Infinite square well – phase difference

Required math: calculus

Required physics: Schrödinger equation

Reference: Griffiths, David J. (2005), Introduction to Quantum Mechanics, 2nd Edition; Pearson Education – Problem 2.6.

As another example of an explicit case of a particle in the infinite square well, suppose we modify the example in the last post so that the second stationary state has a constant phase relative to the first. That is:

\displaystyle  \Psi(x,0)=A[\psi_{1}(x)+e^{i\phi}\psi_{2}(x)] \ \ \ \ \ (1)

we can first normalize {\Psi} by noting that {A} is the same as in the last example since {\psi_{1}} and {\psi_{2}} are orthogonal. So

\displaystyle  A=\frac{\sqrt{2}}{2} \ \ \ \ \ (2)

The time-dependent form is then:

\displaystyle  \Psi(x,t)=\frac{\sqrt{2}}{2}\left(\psi_{1}(x)e^{-i\omega t}+\psi_{2}(x)e^{i(\phi-4\omega t)}\right) \ \ \ \ \ (3)

where {\psi_{n}(x)} is given by the infinite square well formula.

The modulus is calculated in the usual way

\displaystyle   |\Psi(x,t)|^{2} \displaystyle  = \displaystyle  \Psi^*\Psi\ \ \ \ \ (4)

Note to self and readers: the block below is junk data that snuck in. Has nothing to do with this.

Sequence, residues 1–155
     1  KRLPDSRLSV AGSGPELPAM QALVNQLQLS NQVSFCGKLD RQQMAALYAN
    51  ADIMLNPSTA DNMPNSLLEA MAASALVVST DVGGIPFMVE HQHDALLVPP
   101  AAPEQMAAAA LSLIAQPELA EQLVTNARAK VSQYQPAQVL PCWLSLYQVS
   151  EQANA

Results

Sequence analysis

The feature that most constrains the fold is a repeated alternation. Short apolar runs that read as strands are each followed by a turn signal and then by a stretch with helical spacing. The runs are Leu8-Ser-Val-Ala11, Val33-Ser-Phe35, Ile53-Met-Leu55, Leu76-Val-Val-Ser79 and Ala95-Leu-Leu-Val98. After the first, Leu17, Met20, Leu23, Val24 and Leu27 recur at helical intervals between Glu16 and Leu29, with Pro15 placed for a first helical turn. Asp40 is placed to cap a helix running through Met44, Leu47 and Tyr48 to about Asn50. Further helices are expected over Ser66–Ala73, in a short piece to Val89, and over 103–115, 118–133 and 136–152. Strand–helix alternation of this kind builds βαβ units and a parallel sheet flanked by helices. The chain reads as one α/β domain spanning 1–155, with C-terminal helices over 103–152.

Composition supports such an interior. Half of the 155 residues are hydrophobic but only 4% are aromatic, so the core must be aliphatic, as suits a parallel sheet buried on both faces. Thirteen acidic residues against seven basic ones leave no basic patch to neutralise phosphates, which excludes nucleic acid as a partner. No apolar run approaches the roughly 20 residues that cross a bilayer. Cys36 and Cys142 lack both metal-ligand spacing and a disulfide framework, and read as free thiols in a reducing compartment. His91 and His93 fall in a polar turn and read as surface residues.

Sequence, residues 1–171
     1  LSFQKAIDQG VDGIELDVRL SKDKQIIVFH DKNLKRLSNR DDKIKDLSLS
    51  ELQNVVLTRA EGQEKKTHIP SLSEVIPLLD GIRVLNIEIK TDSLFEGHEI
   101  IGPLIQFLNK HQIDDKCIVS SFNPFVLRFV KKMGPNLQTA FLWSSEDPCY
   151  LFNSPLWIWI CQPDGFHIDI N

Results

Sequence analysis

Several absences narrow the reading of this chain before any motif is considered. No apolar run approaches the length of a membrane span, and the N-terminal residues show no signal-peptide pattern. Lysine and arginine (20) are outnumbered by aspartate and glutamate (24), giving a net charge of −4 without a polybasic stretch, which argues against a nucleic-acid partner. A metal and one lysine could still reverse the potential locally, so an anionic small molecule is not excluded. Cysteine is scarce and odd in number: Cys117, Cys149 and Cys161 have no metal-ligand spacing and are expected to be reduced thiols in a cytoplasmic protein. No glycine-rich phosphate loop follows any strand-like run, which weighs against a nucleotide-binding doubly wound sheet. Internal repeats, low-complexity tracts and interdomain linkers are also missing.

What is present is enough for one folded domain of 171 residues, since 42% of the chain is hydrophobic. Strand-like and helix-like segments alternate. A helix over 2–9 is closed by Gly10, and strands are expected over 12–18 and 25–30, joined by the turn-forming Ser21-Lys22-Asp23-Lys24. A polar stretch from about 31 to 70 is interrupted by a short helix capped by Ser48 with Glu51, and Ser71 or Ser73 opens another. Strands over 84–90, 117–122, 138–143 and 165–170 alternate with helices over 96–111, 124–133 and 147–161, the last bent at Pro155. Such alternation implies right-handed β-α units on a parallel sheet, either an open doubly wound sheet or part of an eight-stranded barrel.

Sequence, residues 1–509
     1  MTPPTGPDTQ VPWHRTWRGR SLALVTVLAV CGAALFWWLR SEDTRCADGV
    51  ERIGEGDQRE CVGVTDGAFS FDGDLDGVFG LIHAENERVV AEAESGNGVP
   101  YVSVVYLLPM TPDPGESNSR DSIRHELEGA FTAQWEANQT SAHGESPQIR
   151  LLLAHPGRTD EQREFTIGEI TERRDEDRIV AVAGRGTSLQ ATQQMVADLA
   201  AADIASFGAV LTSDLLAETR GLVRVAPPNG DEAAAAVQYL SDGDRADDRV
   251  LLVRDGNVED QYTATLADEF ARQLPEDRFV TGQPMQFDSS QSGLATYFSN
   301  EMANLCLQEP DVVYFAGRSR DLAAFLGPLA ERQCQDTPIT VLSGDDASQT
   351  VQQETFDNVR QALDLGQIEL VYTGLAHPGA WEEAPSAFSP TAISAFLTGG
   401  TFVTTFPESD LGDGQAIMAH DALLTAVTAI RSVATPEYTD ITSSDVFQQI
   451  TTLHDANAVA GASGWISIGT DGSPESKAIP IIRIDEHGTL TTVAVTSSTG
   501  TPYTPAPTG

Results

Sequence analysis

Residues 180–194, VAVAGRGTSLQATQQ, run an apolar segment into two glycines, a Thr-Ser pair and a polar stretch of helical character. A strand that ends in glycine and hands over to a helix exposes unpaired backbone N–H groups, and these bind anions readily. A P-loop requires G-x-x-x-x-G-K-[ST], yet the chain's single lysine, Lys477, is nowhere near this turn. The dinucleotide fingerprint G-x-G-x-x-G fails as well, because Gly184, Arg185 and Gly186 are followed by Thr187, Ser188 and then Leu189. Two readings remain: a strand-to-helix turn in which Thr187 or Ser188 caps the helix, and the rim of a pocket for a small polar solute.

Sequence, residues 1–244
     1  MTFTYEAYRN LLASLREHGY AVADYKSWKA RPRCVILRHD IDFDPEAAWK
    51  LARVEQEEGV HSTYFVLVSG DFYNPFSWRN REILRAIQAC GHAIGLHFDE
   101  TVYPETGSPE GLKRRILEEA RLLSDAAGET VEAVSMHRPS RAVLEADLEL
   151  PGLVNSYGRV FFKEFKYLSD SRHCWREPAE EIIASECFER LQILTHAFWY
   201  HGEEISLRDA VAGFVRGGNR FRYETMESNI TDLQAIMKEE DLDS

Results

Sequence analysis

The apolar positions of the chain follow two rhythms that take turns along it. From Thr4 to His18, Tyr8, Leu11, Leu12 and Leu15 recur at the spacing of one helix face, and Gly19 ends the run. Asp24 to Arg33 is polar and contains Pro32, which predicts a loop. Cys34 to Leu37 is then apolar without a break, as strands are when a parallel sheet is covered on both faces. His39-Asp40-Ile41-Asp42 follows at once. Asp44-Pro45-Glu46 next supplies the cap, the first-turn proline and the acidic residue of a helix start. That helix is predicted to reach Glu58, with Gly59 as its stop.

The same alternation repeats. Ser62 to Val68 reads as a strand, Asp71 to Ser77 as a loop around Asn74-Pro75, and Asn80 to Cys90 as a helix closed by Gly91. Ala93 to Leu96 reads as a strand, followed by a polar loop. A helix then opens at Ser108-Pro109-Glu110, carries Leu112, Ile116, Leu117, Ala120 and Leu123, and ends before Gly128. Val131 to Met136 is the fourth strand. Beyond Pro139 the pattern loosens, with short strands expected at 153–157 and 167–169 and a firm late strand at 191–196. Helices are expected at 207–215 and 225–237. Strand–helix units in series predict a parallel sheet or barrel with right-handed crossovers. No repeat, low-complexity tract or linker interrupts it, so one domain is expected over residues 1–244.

\displaystyle  \displaystyle  = \displaystyle  \frac{1}{2}[\psi_{1}^{2}(x)+\psi_{2}^{2}(x)+2\psi_{1}(x)\psi_{2}(x)\cos(\phi-3\omega t)] \ \ \ \ \ (5)

The mean position {\langle x\rangle} is calculated by integrating this expression multiplied by {x}:

\displaystyle   \langle x\rangle \displaystyle  = \displaystyle  \frac{1}{2}\int_{0}^{a}x[\psi_{1}^{2}(x)+\psi_{2}^{2}(x)+2\psi_{1}(x)\psi_{2}(x)\cos(\phi-3\omega t)]dx\ \ \ \ \ (6)
\displaystyle  \displaystyle  = \displaystyle  \frac{a}{2}-\frac{16a}{9\pi^{2}}\cos(\phi-3\omega t) \ \ \ \ \ (7)

where we have used the infinite square well formula to substitute for the {\psi_{n}} functions, and done the integral with Maple. This reduces to the answer from before when {\phi=0}.

For {\phi=\pi/2} we have

\displaystyle  \langle x\rangle=\frac{a}{2}-\frac{16a}{9\pi^{2}}\sin(3\omega t) \ \ \ \ \ (8)

and for {\phi=\pi}we have

\displaystyle  \langle x\rangle=\frac{a}{2}+\frac{16a}{9\pi^{2}}\cos(3\omega t) \ \ \ \ \ (9)

Thus the phase {\phi} has no effect on the amplitude of the oscillation; but it shifts the oscillation in time.

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